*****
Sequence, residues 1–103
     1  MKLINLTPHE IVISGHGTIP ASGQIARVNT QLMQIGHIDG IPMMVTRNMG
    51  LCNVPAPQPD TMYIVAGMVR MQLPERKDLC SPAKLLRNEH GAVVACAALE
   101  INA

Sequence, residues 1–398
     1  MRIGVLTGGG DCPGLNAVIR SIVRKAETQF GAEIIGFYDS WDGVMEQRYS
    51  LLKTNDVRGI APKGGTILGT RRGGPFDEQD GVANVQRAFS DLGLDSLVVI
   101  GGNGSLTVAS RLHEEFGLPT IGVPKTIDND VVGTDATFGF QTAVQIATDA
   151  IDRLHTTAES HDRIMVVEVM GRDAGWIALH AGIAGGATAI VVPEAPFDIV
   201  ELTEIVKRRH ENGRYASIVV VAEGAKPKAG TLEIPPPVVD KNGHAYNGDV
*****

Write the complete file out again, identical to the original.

Sequence, residues 1–103
     1  MKLINLTPHE IVISGHGTIP ASGQIARVNT QLMQIGHIDG IPMMVTRNMG
    51  LCNVPAPQPD TMYIVAGMVR MQLPERKDLC SPAKLLRNEH GAVVACAALE
   101  INA

Sequence, residues 1–398
     1  MRIGVLTGGG DCPGLNAVIR SIVRKAETQF GAEIIGFYDS WDGVMEQRYS
    51  LLKTNDVRGI APKGGTILGT RRGGPFDEQD GVANVQRAFS DLGLDSLVVI
   101  GGNGSLTVAS RLHEEFGLPT IGVPKTIDND VVGTDATFGF QTAVQIATDA
   151  IDRLHTTAES HDRIMVVEVM GRDAGWIALH AGIAGGATAI VVPEAPFDIV
   201  ELTEIVKRRH ENGRYASIVV VAEGAKPKAG TLEIPPPVVD KNGHAYNGDV